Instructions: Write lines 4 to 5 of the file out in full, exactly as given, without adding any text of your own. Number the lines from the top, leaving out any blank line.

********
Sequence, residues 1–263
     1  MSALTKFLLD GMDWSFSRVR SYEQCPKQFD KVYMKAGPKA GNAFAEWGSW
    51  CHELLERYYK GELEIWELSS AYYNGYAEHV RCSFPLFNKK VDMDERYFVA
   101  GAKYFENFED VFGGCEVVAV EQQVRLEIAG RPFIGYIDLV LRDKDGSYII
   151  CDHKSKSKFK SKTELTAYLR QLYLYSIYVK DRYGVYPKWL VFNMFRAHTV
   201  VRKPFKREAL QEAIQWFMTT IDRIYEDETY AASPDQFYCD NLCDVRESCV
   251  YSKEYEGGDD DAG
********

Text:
   101  GAKYFENFED VFGGCEVVAV EQQVRLEIAG RPFIGYIDLV LRDKDGSYII
   151  CDHKSKSKFK SKTELTAYLR QLYLYSIYVK DRYGVYPKWL VFNMFRAHTV